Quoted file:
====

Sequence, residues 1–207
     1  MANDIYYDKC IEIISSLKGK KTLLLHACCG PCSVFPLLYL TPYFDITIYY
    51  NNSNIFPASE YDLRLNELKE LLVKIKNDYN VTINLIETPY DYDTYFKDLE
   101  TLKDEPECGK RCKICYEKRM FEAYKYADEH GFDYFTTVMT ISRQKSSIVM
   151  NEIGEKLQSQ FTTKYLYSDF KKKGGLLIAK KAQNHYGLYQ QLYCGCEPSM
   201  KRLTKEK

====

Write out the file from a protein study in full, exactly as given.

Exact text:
Sequence, residues 1–207
     1  MANDIYYDKC IEIISSLKGK KTLLLHACCG PCSVFPLLYL TPYFDITIYY
    51  NNSNIFPASE YDLRLNELKE LLVKIKNDYN VTINLIETPY DYDTYFKDLE
   101  TLKDEPECGK RCKICYEKRM FEAYKYADEH GFDYFTTVMT ISRQKSSIVM
   151  NEIGEKLQSQ FTTKYLYSDF KKKGGLLIAK KAQNHYGLYQ QLYCGCEPSM
   201  KRLTKEK